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COLLEGE ACCESS AND SUCCESS: Where Are We? What Do We Need to Do?

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Title: COLLEGE ACCESS AND SUCCESS: Where Are We? What Do We Need to Do?


1
COLLEGE ACCESS AND SUCCESS Where Are We?
What Do We Need to Do?
  • Mississippi Summit
  • Jackson, Mississippi
    February, 2008

2
Over past 25 years, weve made a lot of progress
on the access side.
3
Immediate College-Going Up
Recent High School Graduates

Source U.S. Dept. of Education, NCES, The
Digest of Education Statistics 2002 (2003), Table
183 AND U.S. Census Bureau, Current Population
Survey Report, October 2002.
4
Most High School Grads Go On To Postsecondary
Within 2 Years
Source NELS 88, Second (1992) and Third (1994)
Follow up in, USDOE, NCES, Access to
Postsecondary Education for the 1992 High School
Graduates, 1998, Table 2.
5
College-going up for all groups.
6
College-Going Increasing for Recent High School
Grads at All Income Levels
Percent of high school completers who were
enrolled in college the October after completing
high school
Due to small sample sizes, 3-year averages used
for Low-income category
Source U.S. Dept. of Education, NCES, The
Condition of Education, 2006, Table 29-1,
http//nces.ed.gov/programs/coe/2006/section3/indi
cator29.asp
7
Immediate College-Going Increasing for All
Racial/Ethnic Groups 1980 to 2005
Percent of high school completers who were
enrolled in college the October after completing
high school

Source U.S. Dept. of Education, NCES, The
Condition of Education, 2006, Table 29-1,
http//nces.ed.gov/programs/coe/2006/section3/indi
cator29.asp
8
But though college-going up for minorities, gains
among whites have been greater
9
All Groups Up In College-Going from 1980-2005,
But Gaps Also Increase
Source U.S. Department of Education, NCES, The
Condition of Education 2006.
10
And though college going up for low-income
students, they still havent reached rate of high
income students in mid-seventies.
11
(No Transcript)
12
Highest Achieving Low-Income Students Attend
Postsecondary at Same Rate as Bottom Achieving
High Income Students
Source NELS 88, Second (1992) and Third Follow
up (1994) in, USDOE, NCES, NCES Condition of
Education 1997 p. 64
13
But access isnt the only issue
  • Theres a question of access to what

14
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15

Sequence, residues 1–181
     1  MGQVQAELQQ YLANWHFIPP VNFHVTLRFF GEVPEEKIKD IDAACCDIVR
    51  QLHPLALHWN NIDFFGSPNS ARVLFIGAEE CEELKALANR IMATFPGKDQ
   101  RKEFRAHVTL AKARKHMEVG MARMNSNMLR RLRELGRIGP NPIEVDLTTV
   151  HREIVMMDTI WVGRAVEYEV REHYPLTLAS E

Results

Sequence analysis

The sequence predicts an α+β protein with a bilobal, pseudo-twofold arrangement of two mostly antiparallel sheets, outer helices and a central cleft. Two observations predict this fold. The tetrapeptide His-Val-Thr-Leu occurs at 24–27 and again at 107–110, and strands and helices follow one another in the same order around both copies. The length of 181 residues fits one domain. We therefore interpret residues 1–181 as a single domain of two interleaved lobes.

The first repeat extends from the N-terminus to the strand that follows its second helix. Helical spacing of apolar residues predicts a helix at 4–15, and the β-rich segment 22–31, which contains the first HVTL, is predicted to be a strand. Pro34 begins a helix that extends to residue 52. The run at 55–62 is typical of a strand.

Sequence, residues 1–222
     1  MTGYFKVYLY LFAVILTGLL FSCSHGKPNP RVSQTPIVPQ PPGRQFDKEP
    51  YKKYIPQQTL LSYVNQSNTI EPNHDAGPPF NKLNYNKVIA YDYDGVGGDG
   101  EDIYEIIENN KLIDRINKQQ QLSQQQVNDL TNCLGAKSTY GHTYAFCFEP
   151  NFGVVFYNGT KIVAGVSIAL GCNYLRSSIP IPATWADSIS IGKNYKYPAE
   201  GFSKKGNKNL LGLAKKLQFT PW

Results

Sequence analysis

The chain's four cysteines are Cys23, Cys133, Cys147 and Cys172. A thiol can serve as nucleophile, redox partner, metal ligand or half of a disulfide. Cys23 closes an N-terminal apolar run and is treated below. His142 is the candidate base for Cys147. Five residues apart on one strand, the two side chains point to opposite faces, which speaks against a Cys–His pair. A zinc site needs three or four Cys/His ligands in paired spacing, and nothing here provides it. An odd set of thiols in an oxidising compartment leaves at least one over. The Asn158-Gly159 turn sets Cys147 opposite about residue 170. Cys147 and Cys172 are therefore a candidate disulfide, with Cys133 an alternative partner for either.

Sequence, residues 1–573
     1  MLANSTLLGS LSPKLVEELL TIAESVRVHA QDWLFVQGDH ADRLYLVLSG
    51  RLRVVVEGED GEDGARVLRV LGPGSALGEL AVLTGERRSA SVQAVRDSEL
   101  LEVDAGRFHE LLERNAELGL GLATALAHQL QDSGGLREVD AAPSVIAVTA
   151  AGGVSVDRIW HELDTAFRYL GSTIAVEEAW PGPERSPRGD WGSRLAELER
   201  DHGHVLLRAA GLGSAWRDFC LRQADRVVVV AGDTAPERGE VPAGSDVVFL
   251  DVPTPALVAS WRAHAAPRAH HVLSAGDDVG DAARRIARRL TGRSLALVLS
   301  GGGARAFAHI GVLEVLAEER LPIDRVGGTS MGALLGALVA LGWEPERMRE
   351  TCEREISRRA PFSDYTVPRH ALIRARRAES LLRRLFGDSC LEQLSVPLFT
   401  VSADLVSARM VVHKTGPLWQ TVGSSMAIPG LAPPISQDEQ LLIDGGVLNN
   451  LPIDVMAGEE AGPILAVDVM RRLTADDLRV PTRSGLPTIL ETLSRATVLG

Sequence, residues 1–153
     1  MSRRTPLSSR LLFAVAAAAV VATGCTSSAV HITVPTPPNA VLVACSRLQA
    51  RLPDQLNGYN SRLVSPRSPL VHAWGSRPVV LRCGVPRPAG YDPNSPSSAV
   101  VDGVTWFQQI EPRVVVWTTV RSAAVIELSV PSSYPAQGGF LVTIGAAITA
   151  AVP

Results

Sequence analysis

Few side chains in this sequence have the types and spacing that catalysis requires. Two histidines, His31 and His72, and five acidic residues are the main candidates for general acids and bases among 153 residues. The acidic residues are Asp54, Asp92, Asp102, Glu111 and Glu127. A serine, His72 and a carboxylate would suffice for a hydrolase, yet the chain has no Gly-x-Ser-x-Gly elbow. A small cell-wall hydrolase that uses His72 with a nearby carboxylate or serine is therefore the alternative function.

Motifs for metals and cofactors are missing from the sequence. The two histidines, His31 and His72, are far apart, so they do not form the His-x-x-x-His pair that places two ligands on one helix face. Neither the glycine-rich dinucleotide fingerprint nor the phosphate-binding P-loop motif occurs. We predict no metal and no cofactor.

• And what about graduation?

16
Black and Latino Freshmen Complete College at
Lower Rates (6 Year Rates All 4-Year
Institutions)
Overall rate 55
Source U.S. DOE, NCES, 1995-96 Beginning
Postsecondary Students Longitudinal Study, Second
Follow-Up (BPS 96/01) in U.S. DOE, NCES,
Descriptive Summary of 1995-96 Beginning
Postsecondary Students Six Years Later. Table
7-6 on page 163.
17
And from 2-year institutions?
  • Lower still.

18
California Community CollegesSuccess Rates for
Degree-Bound Freshmen
Shulock, Nancy. Excludes students
who did not complete at least 10 credits.
19
The result?
  • Increases in college completion not commensurate
    with increases in college going.

20
College Going vs. Completion of BA or Higher,
White
19
10
  • Immediate College-going refers to the percentage
    of high school completers who were enrolled in
    college the October after completing high school.
    Percent attaining their BA refers to the
    percentage of 25-29 year-olds with a BA or higher


Source U.S. Dept. of Education, NCES, The
Condition of Education, 2006, Tables 29-1 and
31-3 http//nces.ed.gov/programs/coe/2006/section3
/indicator29.asp , http//nces.ed.gov/programs/coe
/2006/section3/indicator31.asp
21
College Going vs. Completion of BA or Higher,
African American
20
5.5
  • Immediate College-going refers to the percentage
    of high school completers who were enrolled in
    college the October after completing high school.
    Percent attaining their BA refers to the
    percentage of 25-29 year-olds with a BA or higher


Source U.S. Dept. of Education, NCES, The
Condition of Education, 2006, Tables 29-1 and
31-3 http//nces.ed.gov/programs/coe/2006/section3
/indicator29.asp , http//nces.ed.gov/programs/coe
/2006/section3/indicator31.asp
22
College Going vs. Completion of BA or Higher,
Latino
10
3.3
  • Immediate College-going refers to the percentage
    of high school completers who were enrolled in
    college the October after completing high school.
    Percent attaining their BA refers to the
    percentage of 25-29 year-olds with a BA or higher


Source U.S. Dept. of Education, NCES, The
Condition of Education, 2006, Tables 29-1 and
31-3 http//nces.ed.gov/programs/coe/2006/section3
/indicator29.asp , http//nces.ed.gov/programs/coe
/2006/section3/indicator31.asp
23
Add it all up
24
Different groups of young Americans obtain
degrees at very different rates.
25
Some Americans Are Much Less Likely to Graduate
From College
26
Some Americans Are Much Less Likely to Graduate
From CollegeB.A. Rates by Age 24
SES is a weighted variable developed by NCES,
which includes parental education levels and
occupations and family income. High and low
refer to the highest and lowest quartiles of SES.
Source Family Income and Higher Education
Opportunity 1970 to 2003, in Postsecondary
Education Opportunity, Number 156, June 2005.
27
These gaps threaten the health of our
democracy.But they are also especially worrisome
given which groups are growingand which arent.
28
There is Rapid Growth Among Groups Who Already